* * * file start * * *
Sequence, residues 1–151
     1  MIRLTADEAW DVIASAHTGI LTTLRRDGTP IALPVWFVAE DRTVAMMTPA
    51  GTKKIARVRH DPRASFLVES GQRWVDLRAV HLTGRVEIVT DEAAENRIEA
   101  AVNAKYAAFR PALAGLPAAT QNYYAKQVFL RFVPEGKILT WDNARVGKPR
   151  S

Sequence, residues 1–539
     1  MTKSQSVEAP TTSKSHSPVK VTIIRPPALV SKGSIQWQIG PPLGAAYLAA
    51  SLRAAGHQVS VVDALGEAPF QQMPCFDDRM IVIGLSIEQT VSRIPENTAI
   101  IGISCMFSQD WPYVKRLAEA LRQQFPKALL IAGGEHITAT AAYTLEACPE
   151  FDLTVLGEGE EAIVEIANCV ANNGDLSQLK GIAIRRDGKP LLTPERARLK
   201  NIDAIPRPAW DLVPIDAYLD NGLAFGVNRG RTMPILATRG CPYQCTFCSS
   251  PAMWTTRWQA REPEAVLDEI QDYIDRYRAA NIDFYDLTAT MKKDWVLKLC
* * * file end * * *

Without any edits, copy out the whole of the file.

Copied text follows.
Sequence, residues 1–151
     1  MIRLTADEAW DVIASAHTGI LTTLRRDGTP IALPVWFVAE DRTVAMMTPA
    51  GTKKIARVRH DPRASFLVES GQRWVDLRAV HLTGRVEIVT DEAAENRIEA
   101  AVNAKYAAFR PALAGLPAAT QNYYAKQVFL RFVPEGKILT WDNARVGKPR
   151  S

Sequence, residues 1–539
     1  MTKSQSVEAP TTSKSHSPVK VTIIRPPALV SKGSIQWQIG PPLGAAYLAA
    51  SLRAAGHQVS VVDALGEAPF QQMPCFDDRM IVIGLSIEQT VSRIPENTAI
   101  IGISCMFSQD WPYVKRLAEA LRQQFPKALL IAGGEHITAT AAYTLEACPE
   151  FDLTVLGEGE EAIVEIANCV ANNGDLSQLK GIAIRRDGKP LLTPERARLK
   201  NIDAIPRPAW DLVPIDAYLD NGLAFGVNRG RTMPILATRG CPYQCTFCSS
   251  PAMWTTRWQA REPEAVLDEI QDYIDRYRAA NIDFYDLTAT MKKDWVLKLC